There, [McKinley parent Ysmenia] Guzman hands over a book of parent signatures to acting superintendent Karen Frison ... who is waiting outside the building flanked by several school district police officers. …
Guzman holds the receipt [for the signatures] in the air and several parents and their children cheer and began chanting, "Yes we can! Yes we can!"
The Parent Trigger law allows the petitioners to choose one of four options: Close the school entirely; replace the school with a charter school; replace the principal; or fire the staff and reorganize the school. The McKinley Parent Trigger operation was based from the beginning on only one of those options – replacing McKinley with a charter school. The charter operator , the Celerity Educational Group, was pre-selected by Parent Revolution. The L.A. Weekly:
Around the same time that Parent Revolution was researching Compton Unified, Celerity was looking to open a school in the stubbornly anti-charter district. The two organizations found each other.
The process has drawn criticism as the signature drive was quiet and low-profile. There were no open meetings, presentations of the various options the parents could have chosen, discussions with the school district, opportunities for debate and rebuttal, or the usual messy interactions of democracy.
One of those messy interactions did transpire a week later, on Dec. 14, at a Compton Unified School District (CUSD) board meeting. Again, the L.A. Weekly was there and live-blogging – and described “hundreds of angry parents – many of whom say they were tricked into signing the Parent Trigger petition.” Again, this description comes from an outspoken supporter of the Parent Trigger petition. This significant event has gone almost entirely unremarked upon, with the storyline from Parent Revolution being that a few individuals manipulated by the McKinley PTA or deceived by scheming teachers have voiced opposition.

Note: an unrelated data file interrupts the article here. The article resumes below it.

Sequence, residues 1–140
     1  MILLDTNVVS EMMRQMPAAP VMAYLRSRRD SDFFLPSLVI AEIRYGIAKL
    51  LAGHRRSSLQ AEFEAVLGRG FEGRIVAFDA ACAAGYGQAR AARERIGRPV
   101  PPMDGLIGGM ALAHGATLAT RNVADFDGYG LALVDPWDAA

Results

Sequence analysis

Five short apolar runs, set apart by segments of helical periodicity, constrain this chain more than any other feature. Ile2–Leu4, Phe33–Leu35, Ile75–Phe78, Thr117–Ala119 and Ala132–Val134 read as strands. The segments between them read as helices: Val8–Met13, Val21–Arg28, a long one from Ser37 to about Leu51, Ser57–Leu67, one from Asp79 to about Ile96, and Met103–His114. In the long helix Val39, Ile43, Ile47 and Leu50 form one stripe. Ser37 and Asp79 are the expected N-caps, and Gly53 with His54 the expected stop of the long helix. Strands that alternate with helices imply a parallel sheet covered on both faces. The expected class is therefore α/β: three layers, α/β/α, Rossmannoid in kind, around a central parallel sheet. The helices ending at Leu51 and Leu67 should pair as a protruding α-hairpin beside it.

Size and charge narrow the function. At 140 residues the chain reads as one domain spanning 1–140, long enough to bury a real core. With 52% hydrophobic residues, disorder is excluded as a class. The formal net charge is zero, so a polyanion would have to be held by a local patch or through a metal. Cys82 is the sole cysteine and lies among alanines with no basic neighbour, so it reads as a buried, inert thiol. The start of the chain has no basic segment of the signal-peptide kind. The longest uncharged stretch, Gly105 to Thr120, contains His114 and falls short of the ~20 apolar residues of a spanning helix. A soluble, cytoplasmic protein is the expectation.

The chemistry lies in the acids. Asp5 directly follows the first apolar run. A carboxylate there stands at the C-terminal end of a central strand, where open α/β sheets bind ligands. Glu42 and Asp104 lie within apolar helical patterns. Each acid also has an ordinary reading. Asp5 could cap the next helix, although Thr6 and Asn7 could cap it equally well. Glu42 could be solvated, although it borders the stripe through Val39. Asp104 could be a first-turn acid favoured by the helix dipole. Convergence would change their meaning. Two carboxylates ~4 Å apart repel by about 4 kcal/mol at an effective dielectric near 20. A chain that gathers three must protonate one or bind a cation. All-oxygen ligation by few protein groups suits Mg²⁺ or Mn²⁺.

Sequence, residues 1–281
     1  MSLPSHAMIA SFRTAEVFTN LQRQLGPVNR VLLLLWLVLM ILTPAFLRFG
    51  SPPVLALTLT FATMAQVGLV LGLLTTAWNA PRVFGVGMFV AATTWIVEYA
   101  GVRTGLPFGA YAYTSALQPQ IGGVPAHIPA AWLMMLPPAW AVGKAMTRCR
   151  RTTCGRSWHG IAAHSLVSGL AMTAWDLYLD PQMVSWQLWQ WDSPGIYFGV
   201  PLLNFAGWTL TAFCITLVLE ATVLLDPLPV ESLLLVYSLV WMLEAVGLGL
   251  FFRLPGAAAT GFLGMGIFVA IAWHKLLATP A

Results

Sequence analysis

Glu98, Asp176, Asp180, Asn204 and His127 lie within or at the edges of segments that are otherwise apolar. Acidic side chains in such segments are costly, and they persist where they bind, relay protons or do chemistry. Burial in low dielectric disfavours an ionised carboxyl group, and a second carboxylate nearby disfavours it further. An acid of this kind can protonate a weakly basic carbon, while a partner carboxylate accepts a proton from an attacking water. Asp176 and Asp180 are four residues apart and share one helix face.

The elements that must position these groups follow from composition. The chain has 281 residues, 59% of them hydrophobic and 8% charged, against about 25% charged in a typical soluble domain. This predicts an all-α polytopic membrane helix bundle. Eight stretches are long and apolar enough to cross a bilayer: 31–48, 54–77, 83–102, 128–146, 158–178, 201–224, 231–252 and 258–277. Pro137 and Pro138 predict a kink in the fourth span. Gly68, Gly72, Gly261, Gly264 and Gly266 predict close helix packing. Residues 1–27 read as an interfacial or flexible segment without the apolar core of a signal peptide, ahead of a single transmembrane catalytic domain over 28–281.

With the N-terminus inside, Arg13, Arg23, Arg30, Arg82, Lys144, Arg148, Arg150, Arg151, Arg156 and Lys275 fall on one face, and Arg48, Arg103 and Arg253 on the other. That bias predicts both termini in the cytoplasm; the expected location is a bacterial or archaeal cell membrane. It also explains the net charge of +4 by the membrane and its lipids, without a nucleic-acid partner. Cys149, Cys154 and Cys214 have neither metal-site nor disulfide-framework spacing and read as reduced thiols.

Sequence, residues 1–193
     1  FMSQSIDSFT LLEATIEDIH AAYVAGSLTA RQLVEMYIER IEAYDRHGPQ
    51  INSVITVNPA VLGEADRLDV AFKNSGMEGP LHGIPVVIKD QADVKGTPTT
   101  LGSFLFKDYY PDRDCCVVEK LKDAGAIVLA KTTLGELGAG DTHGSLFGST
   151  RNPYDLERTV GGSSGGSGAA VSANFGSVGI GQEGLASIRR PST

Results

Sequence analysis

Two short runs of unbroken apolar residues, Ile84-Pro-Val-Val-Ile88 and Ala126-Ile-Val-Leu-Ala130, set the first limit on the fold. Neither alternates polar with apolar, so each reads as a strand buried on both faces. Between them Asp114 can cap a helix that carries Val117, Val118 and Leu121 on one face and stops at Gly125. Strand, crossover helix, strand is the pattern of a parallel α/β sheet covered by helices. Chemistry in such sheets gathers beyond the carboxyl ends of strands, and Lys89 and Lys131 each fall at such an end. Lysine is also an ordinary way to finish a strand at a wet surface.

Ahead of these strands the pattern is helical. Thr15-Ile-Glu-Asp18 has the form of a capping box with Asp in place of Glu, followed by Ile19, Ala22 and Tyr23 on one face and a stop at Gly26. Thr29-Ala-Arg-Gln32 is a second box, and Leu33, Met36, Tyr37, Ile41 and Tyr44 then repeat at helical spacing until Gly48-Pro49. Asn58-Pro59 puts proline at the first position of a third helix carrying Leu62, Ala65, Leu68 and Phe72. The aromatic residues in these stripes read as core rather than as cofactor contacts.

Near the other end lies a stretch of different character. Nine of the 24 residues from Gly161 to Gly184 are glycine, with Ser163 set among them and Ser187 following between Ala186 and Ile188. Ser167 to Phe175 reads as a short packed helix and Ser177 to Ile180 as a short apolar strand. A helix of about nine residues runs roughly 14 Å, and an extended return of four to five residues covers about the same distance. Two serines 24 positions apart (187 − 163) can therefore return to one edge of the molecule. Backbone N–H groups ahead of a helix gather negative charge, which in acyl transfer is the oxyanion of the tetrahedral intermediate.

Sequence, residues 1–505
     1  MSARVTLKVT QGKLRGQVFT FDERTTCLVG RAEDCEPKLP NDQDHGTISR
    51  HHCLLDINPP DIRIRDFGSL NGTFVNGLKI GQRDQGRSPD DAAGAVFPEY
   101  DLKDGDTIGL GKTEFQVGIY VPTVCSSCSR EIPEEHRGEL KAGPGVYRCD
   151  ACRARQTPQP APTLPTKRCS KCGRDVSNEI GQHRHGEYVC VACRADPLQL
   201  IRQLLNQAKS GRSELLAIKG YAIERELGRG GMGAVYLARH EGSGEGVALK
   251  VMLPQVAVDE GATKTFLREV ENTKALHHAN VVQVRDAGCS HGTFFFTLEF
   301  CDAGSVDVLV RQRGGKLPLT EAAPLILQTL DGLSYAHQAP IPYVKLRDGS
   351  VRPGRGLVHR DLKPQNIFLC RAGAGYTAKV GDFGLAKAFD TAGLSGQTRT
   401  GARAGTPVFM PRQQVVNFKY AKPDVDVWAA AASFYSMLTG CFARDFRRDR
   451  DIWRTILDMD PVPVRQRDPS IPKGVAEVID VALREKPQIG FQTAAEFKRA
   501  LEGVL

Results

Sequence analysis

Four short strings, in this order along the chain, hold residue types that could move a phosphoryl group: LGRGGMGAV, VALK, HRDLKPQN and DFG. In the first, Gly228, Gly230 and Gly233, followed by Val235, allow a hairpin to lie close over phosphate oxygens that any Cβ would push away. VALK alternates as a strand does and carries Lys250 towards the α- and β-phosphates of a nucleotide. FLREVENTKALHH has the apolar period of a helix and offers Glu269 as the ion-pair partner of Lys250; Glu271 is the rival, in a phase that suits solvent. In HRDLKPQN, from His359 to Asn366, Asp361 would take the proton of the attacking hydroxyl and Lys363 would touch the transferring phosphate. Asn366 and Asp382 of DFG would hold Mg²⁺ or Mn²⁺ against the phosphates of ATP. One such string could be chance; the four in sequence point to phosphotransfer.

Excerpts from the Weekly's account of the Dec. 14 meeting, which it describes as “packed” with 200 to 300 people:
We're reporting live from the CUSD board meeting, packed with press and hundreds of angry parents -- many of whom say they were tricked into signing the Parent Trigger petition without understanding its gravity.Above all, the air is buzzing with confusion. …
More and more, the crowd reveals itself as anti-Parent Trigger. The only speakers who get a positive reaction are the ones defending CUSD. …
Another man rouses parents: "How dare they come here and say not the whole truth? If we look at charter schools, we know what they are about. They are about the dollar."
… the crowd chants, "COMPTON! COMPTON! COMPTON!" Someone waves an "I [Heart] Compton" shirt above his head.
It seems the concept of a charter school has now become the antithesis of hometown pride. … One mother, who rushes out the side door before we can ask her name, says she was approached at her job twice and forced to sign the petition, y "yo no quise fimar" (I didn't want to sign). Parent Kirk Douglas Brown says he signed the petition, but now wants to publicly revoke his signature.
A strong localized defense begins to arise, based on the sentiment that "outside interests" like Parent Revolution, Celerity Educational Group and even L.A. Mayor Antonio Villaraigosa are coming in and "telling us what to do with our city."… There's a new civil war …
Outside the Weekly's report, this meeting and the crowd of protesters opposing the charterization have gone entirely unnoticed in the national conversation about the Parent Trigger.
Here's an outline of the further plot twists in this strange saga.
· Both the state Board of Education and then-Gov. Arnold Schwarzenegger made public accusations of harassment and intimidation in the Parent Trigger brouhaha, and directed the state Attorney General's office to investigate.
o The accusations were intended to paint the McKinley teachers and PTA members as the harassers, intimidating parents who had signed the petition. The press got understandably confused, and some accounts (including the Los Angeles Times') described the charges as accusations that the signature-gatherers were the harassers.
§ (Parent Revolution and the L.A. Weekly have repeatedly painted the PTA as some kind of operation of what public-education opponents call the “blob,” though school PTAs consist entirely of parent volunteers and teachers.)
o Ben Austin, who is the hired Executive Director of Parent Revolution, was a member of the state Board of Education at the time that it made those charges. Austin is no longer on the state board.
o Gov. Schwarzenegger has been replaced by newly elected Gov. Jerry Brown, who has a very different attitude from Schwarzenegger's about education reform.
o Austin's then-colleagues on the state Board of Education were highly supportive of charter schools and the Parent Trigger. Jerry Brown replaced a number of them as soon as he took office, and the state board is no longer likely to be an automatic booster.
o Nothing more has been publicly heard about any investigation process by the state Attorney General's office.